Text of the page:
Islamic Personalities(14 Jul 2012 NewAgeIslam.Com)
‘Can’t a Muslim Who hasn’t Attended a Madrasa Speak for the Community?’ Asks Sultan Shahin

 By Danish Raza

Jun 21, 2012

New Delhi: It was the summer of 1995. “Papa, it is Hizbul Mujahideen,” said a panicking Juhi handing over the phone to her father Sultan Shahin. It was a death threat to Shahin, who had written in a national daily, countering Hizbul’s call that the war against India was validated by Quran.

For Shahin, it was one of the numerous encounters with extremists. “I invite such people to discuss the differences over tea. I tell them please intimate me before you kill me so that there is no collateral damage,” says Shahin, laughingly.

He is serious about sorting out differences though. In 2008, Shahin launched— a website to prompt Muslims to ‘rethink’ Islam and challenge the petro-dollar funded Wahabi ideology.

More than one lakh readers visit the site every day and the electronic newsletter reaches out to around 2.5 lakh people.

Earlier this month, Delhi High Court ruled that a Muslim girl could marry as per her choice at the age of 15 if she attained puberty. New Age Islam published articles highlighting two aspects to this judgment: Muslim girl can marry as per her own choice, is a welcome step; allowing the girl to get married at the age of 15 years may not be a good idea.

New Age Islam hosts news articles and columns on a gamut of political and theological issues which hardly find space in the mainstream media and which are seldom debated even among liberal or enlightened Muslims. The idea, says Shahin, is it to provide an alternative to the opinions propagated by clerics who seem to have hijacked Islam.





Sultan Shahin at his East Delhi office Danish Raza/First post





 “Take any contemporary issue regarding Islam. You will find that by and large, the only view point circulated will be that of Mullas. Why can’t an educated person, who has not attended a madrasa and has a private job, speak on behalf of the community? On the website, we allow an open debate on matters. All schools of thought can have their say on,” says Shahin.

“Islam, in the New Age avatar, is pluralistic, inclusive and cohesive. It promotes belief with reasoning.”

Recently, New Age Islam hosted debates on the politics around Salman Rushdie’s India visit, Madrasas and Right to Education, the practice of female circumcision in Bohra community and Islamophobia. Debates concerning Islam, conducted on different forums across the world also find a place on the site along with articles from Urdu press in India and Pakistan.

On the website, Niyaaz Fatehpuri, editor of Urdu periodical Nigaar is featured as a better personality than Mumbai based televangelist Dr Zakir Naik because the former is considered rational and the latter as someone who promotes Islam’s supremacy over other religions.

Roughly, 50 percent of the readers of New Age Islam are based in India. Rest is spread across Pakistan, the Gulf, United States, United Kingdom and Australia.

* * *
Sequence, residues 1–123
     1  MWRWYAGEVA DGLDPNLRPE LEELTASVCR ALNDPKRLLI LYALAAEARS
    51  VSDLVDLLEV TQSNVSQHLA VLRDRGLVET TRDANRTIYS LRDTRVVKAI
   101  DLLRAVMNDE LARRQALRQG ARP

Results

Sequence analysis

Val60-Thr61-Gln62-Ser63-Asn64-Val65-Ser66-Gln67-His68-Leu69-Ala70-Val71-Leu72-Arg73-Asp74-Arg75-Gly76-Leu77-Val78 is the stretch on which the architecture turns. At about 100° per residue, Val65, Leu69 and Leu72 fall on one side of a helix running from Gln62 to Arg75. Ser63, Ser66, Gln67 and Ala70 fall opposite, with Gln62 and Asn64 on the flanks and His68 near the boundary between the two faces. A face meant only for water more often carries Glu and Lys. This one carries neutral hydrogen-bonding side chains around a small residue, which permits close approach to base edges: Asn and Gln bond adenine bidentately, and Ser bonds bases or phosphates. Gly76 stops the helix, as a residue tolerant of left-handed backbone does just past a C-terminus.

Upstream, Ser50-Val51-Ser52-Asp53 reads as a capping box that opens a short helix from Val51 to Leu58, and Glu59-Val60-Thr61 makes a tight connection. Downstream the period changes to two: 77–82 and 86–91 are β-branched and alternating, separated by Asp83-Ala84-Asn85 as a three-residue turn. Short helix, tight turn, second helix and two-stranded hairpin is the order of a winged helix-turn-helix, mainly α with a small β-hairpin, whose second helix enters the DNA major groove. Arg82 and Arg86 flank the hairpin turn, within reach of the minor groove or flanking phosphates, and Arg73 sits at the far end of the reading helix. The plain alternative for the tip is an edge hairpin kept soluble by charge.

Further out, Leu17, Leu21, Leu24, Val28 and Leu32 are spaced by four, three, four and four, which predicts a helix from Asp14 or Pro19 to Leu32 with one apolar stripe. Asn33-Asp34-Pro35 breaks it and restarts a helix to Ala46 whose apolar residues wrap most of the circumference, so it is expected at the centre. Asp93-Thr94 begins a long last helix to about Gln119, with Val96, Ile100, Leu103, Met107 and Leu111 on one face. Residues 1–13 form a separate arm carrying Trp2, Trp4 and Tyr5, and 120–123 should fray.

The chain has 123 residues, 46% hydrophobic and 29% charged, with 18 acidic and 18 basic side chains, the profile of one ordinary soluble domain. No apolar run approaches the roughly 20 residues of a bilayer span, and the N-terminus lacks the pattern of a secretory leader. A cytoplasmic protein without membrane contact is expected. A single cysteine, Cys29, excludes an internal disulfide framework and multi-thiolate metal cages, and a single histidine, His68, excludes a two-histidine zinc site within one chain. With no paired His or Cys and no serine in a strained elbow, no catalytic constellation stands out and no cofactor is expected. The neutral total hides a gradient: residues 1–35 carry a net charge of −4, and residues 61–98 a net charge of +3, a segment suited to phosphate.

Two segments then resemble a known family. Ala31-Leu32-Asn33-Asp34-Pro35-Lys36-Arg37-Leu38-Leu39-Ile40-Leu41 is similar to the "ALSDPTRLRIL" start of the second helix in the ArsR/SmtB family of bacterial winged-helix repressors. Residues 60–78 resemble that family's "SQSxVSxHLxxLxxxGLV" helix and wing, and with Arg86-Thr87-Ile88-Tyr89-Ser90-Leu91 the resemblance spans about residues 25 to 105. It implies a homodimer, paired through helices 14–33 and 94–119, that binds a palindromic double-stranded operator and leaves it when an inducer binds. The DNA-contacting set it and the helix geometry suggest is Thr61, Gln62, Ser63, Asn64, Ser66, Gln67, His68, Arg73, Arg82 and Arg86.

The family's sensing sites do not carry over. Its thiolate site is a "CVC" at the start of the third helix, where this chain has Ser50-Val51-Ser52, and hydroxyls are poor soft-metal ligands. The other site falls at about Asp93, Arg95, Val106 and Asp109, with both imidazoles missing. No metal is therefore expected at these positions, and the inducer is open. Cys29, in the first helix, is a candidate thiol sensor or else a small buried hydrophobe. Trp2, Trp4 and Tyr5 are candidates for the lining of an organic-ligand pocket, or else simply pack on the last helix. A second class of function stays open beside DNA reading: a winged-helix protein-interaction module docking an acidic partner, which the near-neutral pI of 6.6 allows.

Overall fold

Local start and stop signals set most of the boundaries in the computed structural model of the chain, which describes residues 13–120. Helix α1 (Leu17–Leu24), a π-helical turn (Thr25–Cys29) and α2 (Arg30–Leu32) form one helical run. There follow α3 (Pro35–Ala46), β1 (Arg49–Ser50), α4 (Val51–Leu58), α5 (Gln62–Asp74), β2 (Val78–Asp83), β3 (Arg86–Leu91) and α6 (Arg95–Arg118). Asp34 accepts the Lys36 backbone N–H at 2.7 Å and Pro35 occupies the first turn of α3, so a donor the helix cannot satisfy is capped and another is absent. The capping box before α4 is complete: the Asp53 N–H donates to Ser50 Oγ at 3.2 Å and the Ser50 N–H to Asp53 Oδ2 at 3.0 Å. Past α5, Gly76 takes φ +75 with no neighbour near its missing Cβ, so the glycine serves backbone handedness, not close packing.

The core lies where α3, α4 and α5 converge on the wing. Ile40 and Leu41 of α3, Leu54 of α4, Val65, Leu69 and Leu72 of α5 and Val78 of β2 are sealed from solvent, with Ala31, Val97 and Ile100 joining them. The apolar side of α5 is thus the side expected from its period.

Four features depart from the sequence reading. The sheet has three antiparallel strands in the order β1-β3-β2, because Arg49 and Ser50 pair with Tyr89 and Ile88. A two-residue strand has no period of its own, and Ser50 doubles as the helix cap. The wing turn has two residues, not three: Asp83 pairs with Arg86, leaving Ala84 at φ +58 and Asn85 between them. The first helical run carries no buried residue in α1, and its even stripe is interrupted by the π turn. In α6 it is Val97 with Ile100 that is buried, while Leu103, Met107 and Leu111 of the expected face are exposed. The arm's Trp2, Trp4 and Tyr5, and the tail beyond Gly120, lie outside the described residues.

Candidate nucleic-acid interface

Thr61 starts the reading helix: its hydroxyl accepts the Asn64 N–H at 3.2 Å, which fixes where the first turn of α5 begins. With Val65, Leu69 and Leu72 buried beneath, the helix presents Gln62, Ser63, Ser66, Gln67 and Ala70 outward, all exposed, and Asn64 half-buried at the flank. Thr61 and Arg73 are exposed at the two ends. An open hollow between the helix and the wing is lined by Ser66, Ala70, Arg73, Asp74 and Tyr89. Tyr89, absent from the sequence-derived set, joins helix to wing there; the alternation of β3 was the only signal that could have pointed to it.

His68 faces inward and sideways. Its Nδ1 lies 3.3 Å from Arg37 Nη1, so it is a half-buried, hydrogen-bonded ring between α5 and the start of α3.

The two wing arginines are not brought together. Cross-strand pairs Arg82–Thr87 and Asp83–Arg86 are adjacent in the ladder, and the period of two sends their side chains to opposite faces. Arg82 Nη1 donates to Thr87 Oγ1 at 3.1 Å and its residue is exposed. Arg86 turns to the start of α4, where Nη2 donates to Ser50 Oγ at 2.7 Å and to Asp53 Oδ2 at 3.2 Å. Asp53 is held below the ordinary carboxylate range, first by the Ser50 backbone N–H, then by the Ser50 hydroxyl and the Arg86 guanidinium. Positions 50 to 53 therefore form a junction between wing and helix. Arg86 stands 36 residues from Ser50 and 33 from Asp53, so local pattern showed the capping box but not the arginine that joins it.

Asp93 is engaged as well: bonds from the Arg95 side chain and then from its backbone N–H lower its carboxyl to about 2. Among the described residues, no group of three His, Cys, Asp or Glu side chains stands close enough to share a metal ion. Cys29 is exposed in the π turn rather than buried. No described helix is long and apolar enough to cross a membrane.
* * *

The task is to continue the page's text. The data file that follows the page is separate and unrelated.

However, Shahin is aware of the fact a website has its limitations and it may not transform ideologies. “Debates cannot influence people with vested interests. But it can certainly help one who is seeking answers and has an open mind,” he says, referring to the urban Muslim professionals, majority of whom end up getting exposed to Wahabi literature on the Internet, while seeking alternatives to traditional Islamic practices of their forefathers.

Ironically, Shahin grew up among the very people whom he lambastes now. Son of a Maulvi, Shahin spent his childhood in Aurangabad where he gave tuitions and worked in local Urdu dailies. In 1972 he joined Radiance — the weekly magazine of Jamaat-e-Islami, in Delhi. This was followed by a seven years long stint with the weekly called Asian Times in London where Shahin got exposed to divergent Islamic views prevalent in the West. “That was early 1980s. This preacher called Omar Bakri used to propagate radical Islam. He had a great influence on youth. He was a phenomenon in London at that time. He used to openly recruit youngsters for jihad,” recalls the 60-year-old. “Lately, these radicals have attracted followers in the East.”

In 2005, Shahin shifted base to Suriname, South America where his wife Pragya (Yes, she is a Non- Muslim) got posted as Indian cultural attaché. As a house husband, Shahin launched New Age Islam while in Suriname.

The website is run by a team of nine, including Shahin, from a flat in East Delhi’s Patparganj area on a shoestring budget.

Before and after the launch of New Age Islam, Shahin has rubbed the fanatics in the wrong way more than once. He says he has received death threats twice on the website in the form of comments. On various occasions, clerics told him the website is his short-cut to hell. Opponents, who are often in majority, have silenced him during various talks and conferences. His lecture in Meerut, Uttar Pradesh, was cut short and he drew flak from various quarters. “I was asked to remain quiet if I were to return home. I realise that radicals in India don’t open their cards. There is hardly any scope for argument.”